Roasted Eggplant Étouffée

Eggplant Etouffee

When May rolled in – particularly during third week of the month – my social networks swelled up with all the activities surrounding my alma mater’s commencement ceremony.  Lovely birrete art, the second lines and music that only come from New Orleans, and Maya Rudolph’s hilarious address.  It made me nostalgic for my own hectic graduation week, so I scoured the web and my own ‘archives’ for those memories from fifteen years ago.

On 2000, Tulane celebrated its second unified commencement ceremony for all the schools and colleges at the Louisiana Superdome.  Walter Isaacson – editor in chief of Time Magazine at the time – included these wise words in our class’ address.

So here is the first thing you should know about graduation day: every day hence, you will appreciate more how lucky you were to be at such a magical place.

Of course, he also told us not to screw the relatively peaceful turn of the millenium, spend some time on the road appreciating what the previous generation did before us, while ensuring our legacy for the next one.

I do appreciate my luck, even if my NOLA visits have been sparse since graduation and my shelf only includes two New Orleans cookbooks.  One is the gorgeous, memoir like My New Orleans by John Besh.  The other is the literally Little New Orleans Cookbook by Gwen McKee.  Armed with Besh’s rhapsodical descriptions of Creole ingredients and McKee’s practical recipes, I’ve conquered my cravings for those magical Crescent City flavors.  All this longing, topped with a great trip to the farmers market, inspired me to make a vegetarian etouffée.

Eggplants are right behind the lemongrass.

Etouffée literally translates to “smothered”.  If we gumbo is analogous to the Puerto Rican asopao, the etouffée’s equivalent in the island would be a fricassee or stew.  The etouffée is thickened with roux, the cooked flour and oil mixture that gives the dish body, plus that dark, nutty flavor associated with Cajun cuisine.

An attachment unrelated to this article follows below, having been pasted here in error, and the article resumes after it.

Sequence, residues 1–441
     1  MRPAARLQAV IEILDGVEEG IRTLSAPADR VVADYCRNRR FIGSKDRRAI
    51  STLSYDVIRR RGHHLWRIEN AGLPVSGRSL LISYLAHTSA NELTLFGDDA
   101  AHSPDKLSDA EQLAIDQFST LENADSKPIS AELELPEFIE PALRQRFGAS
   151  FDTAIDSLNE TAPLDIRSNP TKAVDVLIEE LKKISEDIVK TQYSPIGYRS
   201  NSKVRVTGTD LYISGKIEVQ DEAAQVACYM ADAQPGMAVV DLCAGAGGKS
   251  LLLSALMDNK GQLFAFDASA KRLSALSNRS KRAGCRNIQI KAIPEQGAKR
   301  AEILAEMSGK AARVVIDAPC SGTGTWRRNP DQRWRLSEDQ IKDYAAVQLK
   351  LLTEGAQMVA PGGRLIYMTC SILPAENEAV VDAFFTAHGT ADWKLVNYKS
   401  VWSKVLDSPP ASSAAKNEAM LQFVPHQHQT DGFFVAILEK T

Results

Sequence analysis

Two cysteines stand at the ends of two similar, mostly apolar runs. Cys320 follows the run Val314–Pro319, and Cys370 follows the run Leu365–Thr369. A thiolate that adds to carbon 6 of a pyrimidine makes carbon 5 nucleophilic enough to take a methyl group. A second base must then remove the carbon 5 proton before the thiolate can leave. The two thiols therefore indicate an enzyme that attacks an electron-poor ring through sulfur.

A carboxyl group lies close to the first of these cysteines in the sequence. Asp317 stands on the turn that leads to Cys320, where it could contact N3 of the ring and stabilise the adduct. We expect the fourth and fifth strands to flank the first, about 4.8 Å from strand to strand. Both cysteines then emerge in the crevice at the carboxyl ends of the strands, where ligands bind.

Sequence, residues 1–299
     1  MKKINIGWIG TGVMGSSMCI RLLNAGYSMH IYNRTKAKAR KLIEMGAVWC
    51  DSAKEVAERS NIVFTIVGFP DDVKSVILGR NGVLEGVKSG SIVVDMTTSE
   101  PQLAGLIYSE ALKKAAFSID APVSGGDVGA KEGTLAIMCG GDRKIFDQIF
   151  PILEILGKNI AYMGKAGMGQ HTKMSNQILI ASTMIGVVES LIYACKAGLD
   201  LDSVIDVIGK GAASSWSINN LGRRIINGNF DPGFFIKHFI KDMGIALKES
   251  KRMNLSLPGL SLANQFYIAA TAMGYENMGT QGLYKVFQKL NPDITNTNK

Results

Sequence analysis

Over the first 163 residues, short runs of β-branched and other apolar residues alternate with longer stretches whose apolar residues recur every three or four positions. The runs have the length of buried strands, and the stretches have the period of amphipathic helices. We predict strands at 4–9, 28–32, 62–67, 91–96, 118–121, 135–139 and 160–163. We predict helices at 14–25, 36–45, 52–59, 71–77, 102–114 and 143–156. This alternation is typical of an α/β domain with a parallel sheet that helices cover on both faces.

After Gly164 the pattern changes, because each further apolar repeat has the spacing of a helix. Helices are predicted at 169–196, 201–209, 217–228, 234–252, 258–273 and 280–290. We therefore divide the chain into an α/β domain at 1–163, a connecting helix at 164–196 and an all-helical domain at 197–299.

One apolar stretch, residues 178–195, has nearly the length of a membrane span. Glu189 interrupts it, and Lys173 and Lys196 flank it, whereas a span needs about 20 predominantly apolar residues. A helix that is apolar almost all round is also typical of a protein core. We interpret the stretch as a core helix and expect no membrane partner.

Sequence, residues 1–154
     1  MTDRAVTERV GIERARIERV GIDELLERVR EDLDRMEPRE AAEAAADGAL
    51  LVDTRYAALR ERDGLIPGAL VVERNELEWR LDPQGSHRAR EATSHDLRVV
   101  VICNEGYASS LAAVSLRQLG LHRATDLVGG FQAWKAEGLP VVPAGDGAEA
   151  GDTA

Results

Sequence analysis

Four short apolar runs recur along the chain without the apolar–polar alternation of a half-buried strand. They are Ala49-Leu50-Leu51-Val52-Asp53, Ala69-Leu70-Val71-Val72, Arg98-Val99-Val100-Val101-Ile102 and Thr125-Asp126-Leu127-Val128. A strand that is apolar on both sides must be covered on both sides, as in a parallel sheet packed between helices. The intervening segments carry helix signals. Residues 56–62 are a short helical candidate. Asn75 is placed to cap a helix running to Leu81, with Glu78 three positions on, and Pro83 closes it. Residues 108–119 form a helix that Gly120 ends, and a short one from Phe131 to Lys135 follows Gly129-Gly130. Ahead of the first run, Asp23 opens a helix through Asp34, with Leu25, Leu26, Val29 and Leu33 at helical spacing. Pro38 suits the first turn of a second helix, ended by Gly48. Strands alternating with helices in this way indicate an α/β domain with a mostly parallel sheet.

eggplant etouffee
Roasted Eggplant Étouffée
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Etouffee is a thick stew flavored with onions, celery, peppers and Cajun seasoning. The most popular etouffées are made with seafood, however, the cooking method translates well for vegetables. To add an extra layer of flavor, the eggplant is tossed in olive oil and roasted before it is incorporated into the stew.
Servings
2plus leftovers
Servings
2plus leftovers
eggplant etouffee
Roasted Eggplant Étouffée
  • 1
  • 2
  • 3
  • 4
  • 5
Votes: 0
Rating: 0
You:
Rate this recipe!
Etouffee is a thick stew flavored with onions, celery, peppers and Cajun seasoning. The most popular etouffées are made with seafood, however, the cooking method translates well for vegetables. To add an extra layer of flavor, the eggplant is tossed in olive oil and roasted before it is incorporated into the stew.
Servings
2plus leftovers
Servings
2plus leftovers
Ingredients
Roasted Eggplants
Étouffée
Instructions
  1. Preheat the oven to 400˚F. Peel and chop eggplant into 1.5" cubes. Toss with olive oil and Cajun seasoning and place in a lined baking sheet on a single layer. Roast for 25 minutes.
  2. While the eggplant roasts, prep all the vegetables for the etoufée.
  3. In a large sautee pan, whisk together the flour and the vegetable oil to make a roux. Cook over medium high heat, whisking frequently until the roux reaches the color of milk chocolate. Immediately add the celery, peppers, onion and garlic and stir together with the roux. Reduce the heat to medium and cook the vegetables for about five minutes.
  4. Add the tomatoes and the water and stir to thicken up the étouffée. Toss in the roasted eggplant and bay leaf and season with the soy sauce and extra Cajun seasoning. Stir everything together and cook together over medium low heat for about fifteen minutes.
  5. Garnish with celery greens or green onions and serve with white rice.

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Author:Adriana

Adriana is a financial analyst by day, avid home cook in the evenings, and food blogger and runner in the strange hours between those two. When not in the kitchen concocting meals and stories to pass around, she is out looking for the next great bite (or the ingredients to make it at home), checking what's new at the market, or planning a trip around great food and wine.

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